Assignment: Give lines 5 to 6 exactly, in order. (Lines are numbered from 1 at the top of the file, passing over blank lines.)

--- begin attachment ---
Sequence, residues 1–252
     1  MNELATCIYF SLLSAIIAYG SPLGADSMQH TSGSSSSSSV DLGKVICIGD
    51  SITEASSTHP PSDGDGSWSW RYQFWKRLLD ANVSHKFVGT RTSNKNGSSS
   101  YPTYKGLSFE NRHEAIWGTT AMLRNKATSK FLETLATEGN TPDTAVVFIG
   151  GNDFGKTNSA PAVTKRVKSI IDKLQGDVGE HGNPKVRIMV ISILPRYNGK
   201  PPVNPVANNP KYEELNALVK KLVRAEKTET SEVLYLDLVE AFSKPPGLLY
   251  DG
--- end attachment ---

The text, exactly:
   151  GNDFGKTNSA PAVTKRVKSI IDKLQGDVGE HGNPKVRIMV ISILPRYNGK
   201  PPVNPVANNP KYEELNALVK KLVRAEKTET SEVLYLDLVE AFSKPPGLLY